One of the sessions at our recent global summit looked at the the issue of power within integrated landscape management. As we know, power dynamics between different groups, including genders, ethnicities, education levels, and professions, significantly impact land use. Here, I summarize the main points from this excellent session.
↔️These interactions are instrumental in shaping the landscape we see.
⭕️ 𝐀𝐠𝐞𝐧𝐜𝐲⭕️ As landscape actors, we must recognize our own agency and decide whether to address inequality or remain passive observers.
The session explored three key strategies for empowerment.
1️⃣ Identify stakeholders and understand their sources of power, using tools like a power/influence matrix and net-mapping.
⚒ A power/influence matrix is a classic method to sort out actors in a system and associate them to dimensions of both power, interest, and attitude, helping to navigate the complexities of a social system. (Read the paper, Making Sense of Stakeholder Mapping here)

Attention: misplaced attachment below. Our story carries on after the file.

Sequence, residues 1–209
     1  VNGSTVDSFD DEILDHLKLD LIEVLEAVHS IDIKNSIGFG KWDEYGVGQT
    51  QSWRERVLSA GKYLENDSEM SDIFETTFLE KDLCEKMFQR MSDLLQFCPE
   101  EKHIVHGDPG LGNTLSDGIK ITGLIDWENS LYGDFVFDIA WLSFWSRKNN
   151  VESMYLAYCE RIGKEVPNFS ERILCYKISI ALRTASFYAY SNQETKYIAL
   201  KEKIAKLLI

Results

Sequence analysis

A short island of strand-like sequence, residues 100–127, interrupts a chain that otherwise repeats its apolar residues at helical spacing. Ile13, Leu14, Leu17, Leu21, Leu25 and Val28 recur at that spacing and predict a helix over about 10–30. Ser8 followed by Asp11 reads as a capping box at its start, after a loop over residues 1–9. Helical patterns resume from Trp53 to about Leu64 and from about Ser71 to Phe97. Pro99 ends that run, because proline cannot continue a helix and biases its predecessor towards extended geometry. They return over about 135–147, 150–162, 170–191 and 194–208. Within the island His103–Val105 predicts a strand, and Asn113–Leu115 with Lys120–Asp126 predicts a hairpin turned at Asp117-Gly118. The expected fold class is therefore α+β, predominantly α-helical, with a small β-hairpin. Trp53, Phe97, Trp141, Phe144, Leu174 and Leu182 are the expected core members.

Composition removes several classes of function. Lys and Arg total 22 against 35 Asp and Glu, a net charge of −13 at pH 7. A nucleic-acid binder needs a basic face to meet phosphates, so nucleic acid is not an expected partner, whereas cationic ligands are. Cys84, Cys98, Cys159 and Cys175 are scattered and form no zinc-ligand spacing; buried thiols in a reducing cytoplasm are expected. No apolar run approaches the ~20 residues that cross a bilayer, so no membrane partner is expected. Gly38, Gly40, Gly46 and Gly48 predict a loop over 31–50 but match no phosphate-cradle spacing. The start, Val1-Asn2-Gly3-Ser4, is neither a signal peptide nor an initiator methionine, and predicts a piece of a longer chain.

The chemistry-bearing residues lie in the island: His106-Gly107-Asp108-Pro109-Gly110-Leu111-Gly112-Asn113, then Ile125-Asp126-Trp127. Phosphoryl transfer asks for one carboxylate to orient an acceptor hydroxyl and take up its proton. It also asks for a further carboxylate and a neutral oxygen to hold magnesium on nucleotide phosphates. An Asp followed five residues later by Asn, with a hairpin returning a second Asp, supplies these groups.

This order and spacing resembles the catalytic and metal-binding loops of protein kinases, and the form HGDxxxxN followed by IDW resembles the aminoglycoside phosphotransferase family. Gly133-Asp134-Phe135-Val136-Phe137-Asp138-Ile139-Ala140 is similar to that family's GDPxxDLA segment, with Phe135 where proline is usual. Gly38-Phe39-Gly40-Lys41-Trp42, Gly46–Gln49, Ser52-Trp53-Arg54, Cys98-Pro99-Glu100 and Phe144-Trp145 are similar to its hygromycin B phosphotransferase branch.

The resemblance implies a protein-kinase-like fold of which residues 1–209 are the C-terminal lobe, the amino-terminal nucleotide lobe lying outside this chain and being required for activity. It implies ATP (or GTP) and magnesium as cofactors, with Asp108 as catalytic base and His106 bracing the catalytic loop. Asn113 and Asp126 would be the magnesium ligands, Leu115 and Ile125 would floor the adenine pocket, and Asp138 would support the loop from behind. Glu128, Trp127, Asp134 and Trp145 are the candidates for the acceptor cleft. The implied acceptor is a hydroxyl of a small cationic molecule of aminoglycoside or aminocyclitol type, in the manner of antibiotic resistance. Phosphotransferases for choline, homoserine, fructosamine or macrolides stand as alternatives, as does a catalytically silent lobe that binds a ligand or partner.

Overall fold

🛠 A method we have been using in across the Landscapes For Our Future program is Net-Mapping. A highly participatory exercise to understand levels of influence and visualize power between actors, helping to diagnose the political landscape. (Read more about Net-Mapping here)
2️⃣ Recognize power disparities and voicelessness.
3️⃣ Enable empowerment through tailored approaches and strategies, including training, safe spaces, alliances, resource access, and rights, such as legal or cultural rights, that have been historically denied (e.g., women’s land rights).
Empowering others means giving them a voice, enhancing visibility, and fostering innovation and diversity. It’s about intentionally creating safe spaces and using spatial leadership to amplify the voices of the marginalized.
❓ A critical question persists: How do we engage powerful actors in discussions about changing the status quo, especially those who may resist such change and stand to lose power?
📓 Read the article, “Power, politics and participation: Naming the non-technical in multi-stakeholder processes” here.
📝 Read the article, “Navigating power imbalances in landscape governance: a network and influence analysis in southern Zambia” here.